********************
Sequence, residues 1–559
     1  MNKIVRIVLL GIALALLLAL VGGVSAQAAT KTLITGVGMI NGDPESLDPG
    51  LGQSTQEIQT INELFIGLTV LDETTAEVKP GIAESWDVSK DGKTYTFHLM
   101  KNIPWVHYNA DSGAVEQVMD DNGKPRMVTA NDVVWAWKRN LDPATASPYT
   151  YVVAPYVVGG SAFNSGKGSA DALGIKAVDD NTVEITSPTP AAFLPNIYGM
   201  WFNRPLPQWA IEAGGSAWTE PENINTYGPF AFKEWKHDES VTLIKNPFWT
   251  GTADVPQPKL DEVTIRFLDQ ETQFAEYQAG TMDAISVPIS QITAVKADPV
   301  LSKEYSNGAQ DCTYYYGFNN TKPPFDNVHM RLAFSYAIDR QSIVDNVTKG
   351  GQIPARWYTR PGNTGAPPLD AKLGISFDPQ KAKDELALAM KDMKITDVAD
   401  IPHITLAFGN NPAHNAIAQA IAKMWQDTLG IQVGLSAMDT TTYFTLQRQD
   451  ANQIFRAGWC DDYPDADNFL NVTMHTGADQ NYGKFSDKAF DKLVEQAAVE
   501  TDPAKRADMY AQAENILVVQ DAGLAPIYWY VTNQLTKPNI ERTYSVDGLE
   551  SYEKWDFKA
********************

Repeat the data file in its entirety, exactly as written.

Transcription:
Sequence, residues 1–559
     1  MNKIVRIVLL GIALALLLAL VGGVSAQAAT KTLITGVGMI NGDPESLDPG
    51  LGQSTQEIQT INELFIGLTV LDETTAEVKP GIAESWDVSK DGKTYTFHLM
   101  KNIPWVHYNA DSGAVEQVMD DNGKPRMVTA NDVVWAWKRN LDPATASPYT
   151  YVVAPYVVGG SAFNSGKGSA DALGIKAVDD NTVEITSPTP AAFLPNIYGM
   201  WFNRPLPQWA IEAGGSAWTE PENINTYGPF AFKEWKHDES VTLIKNPFWT
   251  GTADVPQPKL DEVTIRFLDQ ETQFAEYQAG TMDAISVPIS QITAVKADPV
   301  LSKEYSNGAQ DCTYYYGFNN TKPPFDNVHM RLAFSYAIDR QSIVDNVTKG
   351  GQIPARWYTR PGNTGAPPLD AKLGISFDPQ KAKDELALAM KDMKITDVAD
   401  IPHITLAFGN NPAHNAIAQA IAKMWQDTLG IQVGLSAMDT TTYFTLQRQD
   451  ANQIFRAGWC DDYPDADNFL NVTMHTGADQ NYGKFSDKAF DKLVEQAAVE
   501  TDPAKRADMY AQAENILVVQ DAGLAPIYWY VTNQLTKPNI ERTYSVDGLE
   551  SYEKWDFKA